October 2018

RETINA

News in brief
Handheld device images photoreceptors, holds promise for detection of eye and brain diseases, trauma


Research published in the journal Optica describes the imaging technologies that went into creating a handheld device that has the ability to capture individual photoreceptors in the eye. This technology could be useful in diagnosing ocular diseases, as well as brain diseases and traumatic head injuries. “Until now, the imaging systems required for high-resolution photoreceptor imaging consisted of large, heavy components on an optical table that could only be used with cooperative adults sitting upright,” research lead Sina Farsiu, PhD, Departments of Biomedical Engineering and Ophthalmology, Duke University, Durham, North Carolina, said in a press release. “Our portable handheld system could expand this important imaging technique to children and infants, as well as to adults who may not be able to sit upright and stare straight ahead.” Dr. Farsiu said that the application of this system extends beyond that of the eye. “Because of the limited resolution of MRI—the standard method for imaging the brain in living people—MRI-based assessment of disease or trauma to the brain cannot be done at the level of individual cells. In the retina, however, individual photoreceptors can be imaged at 100 times higher resolution than using brain imaging, allowing very subtle changes to be seen.”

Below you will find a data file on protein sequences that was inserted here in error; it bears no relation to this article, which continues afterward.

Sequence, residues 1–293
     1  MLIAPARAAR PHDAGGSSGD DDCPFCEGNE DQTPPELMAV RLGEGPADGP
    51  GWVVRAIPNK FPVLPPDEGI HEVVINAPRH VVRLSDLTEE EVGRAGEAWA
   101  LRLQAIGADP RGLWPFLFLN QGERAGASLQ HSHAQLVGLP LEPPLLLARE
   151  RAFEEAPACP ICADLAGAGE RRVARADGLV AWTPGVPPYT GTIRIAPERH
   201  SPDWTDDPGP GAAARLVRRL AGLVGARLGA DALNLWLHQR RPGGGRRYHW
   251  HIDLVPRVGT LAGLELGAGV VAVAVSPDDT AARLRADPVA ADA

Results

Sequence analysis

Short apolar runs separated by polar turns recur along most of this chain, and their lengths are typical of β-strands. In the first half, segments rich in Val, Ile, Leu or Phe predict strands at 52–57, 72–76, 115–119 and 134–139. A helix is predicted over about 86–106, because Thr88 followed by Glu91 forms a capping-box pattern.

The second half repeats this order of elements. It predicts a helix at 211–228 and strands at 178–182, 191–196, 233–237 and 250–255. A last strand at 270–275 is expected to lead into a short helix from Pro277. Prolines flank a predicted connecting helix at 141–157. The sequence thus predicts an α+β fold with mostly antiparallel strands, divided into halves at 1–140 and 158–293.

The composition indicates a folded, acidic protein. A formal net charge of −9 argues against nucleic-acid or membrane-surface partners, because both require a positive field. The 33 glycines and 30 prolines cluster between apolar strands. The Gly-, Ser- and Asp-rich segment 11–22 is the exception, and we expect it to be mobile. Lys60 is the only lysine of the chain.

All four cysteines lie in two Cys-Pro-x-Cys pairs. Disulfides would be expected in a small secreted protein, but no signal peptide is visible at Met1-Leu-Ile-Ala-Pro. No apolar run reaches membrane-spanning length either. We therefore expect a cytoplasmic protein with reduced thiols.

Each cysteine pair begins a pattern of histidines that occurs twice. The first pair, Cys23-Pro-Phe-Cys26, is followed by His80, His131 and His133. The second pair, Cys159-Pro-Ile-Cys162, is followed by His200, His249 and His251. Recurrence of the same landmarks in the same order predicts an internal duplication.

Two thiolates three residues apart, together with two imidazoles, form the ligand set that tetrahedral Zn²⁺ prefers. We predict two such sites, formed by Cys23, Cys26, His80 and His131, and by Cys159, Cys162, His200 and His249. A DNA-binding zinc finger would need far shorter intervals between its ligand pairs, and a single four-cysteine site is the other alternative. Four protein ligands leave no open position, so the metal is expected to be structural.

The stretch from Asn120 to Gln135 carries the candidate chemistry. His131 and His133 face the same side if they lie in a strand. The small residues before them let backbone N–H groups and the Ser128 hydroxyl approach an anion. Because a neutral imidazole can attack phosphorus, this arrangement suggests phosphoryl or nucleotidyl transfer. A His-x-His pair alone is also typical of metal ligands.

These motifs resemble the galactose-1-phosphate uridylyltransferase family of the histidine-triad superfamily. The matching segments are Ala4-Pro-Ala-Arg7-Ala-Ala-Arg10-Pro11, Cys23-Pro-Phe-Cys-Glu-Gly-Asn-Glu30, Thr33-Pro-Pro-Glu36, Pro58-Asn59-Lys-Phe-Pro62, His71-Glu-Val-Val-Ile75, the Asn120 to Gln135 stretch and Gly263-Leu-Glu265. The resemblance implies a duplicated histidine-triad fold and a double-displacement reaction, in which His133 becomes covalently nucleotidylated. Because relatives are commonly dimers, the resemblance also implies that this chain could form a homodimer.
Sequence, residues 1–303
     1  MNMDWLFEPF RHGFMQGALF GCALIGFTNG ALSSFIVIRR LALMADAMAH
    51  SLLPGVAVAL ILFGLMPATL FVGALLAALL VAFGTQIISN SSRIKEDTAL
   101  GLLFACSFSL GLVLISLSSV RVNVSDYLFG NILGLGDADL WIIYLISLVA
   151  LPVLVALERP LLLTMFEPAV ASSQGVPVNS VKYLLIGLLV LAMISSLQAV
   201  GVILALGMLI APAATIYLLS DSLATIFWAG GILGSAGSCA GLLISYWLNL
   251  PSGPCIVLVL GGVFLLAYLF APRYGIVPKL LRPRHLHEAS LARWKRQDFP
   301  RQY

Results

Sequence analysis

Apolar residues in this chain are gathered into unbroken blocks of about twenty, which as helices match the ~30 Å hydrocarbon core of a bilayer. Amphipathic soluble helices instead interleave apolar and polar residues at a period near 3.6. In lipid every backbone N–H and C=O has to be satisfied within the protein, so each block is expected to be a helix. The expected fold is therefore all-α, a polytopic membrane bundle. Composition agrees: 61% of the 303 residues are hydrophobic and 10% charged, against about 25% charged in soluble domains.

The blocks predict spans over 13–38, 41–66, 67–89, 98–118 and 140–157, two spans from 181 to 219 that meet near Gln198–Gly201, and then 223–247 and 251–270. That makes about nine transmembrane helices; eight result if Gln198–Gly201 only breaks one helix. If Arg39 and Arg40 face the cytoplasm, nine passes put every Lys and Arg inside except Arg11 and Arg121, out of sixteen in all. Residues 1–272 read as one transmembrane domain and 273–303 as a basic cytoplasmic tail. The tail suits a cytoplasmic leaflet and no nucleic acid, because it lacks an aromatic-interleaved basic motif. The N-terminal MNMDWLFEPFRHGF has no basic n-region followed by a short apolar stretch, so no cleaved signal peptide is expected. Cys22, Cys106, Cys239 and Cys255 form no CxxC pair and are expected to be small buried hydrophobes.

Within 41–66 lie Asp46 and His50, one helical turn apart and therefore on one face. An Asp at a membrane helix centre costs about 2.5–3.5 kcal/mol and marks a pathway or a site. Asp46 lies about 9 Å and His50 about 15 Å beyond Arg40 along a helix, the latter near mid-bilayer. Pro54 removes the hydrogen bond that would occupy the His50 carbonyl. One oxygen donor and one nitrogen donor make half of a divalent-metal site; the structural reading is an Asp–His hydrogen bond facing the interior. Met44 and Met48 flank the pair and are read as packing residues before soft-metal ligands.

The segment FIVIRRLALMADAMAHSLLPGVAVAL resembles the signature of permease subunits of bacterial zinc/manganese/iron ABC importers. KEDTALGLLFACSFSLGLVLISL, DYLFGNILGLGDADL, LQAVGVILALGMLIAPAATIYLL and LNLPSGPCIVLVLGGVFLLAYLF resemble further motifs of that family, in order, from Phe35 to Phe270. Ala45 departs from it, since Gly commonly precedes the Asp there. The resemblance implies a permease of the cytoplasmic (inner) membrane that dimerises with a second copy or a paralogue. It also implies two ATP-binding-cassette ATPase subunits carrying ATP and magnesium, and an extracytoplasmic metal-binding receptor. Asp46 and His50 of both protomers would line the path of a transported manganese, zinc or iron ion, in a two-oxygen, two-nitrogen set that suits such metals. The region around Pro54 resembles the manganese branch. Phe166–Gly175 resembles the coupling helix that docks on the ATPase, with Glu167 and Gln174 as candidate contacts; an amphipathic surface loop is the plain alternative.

Reference

DuBose T, et al. Handheld adaptive optics scanning laser ophthalmoscope. Optica. 2018;5:1027–1036.

Handheld device images photoreceptors, holds promise for detection of eye and brain diseases, trauma Handheld device images photoreceptors, holds promise for detection of eye and brain diseases, trauma
Ophthalmology News - EyeWorld Magazine
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2018-10-08T14:31:38Z
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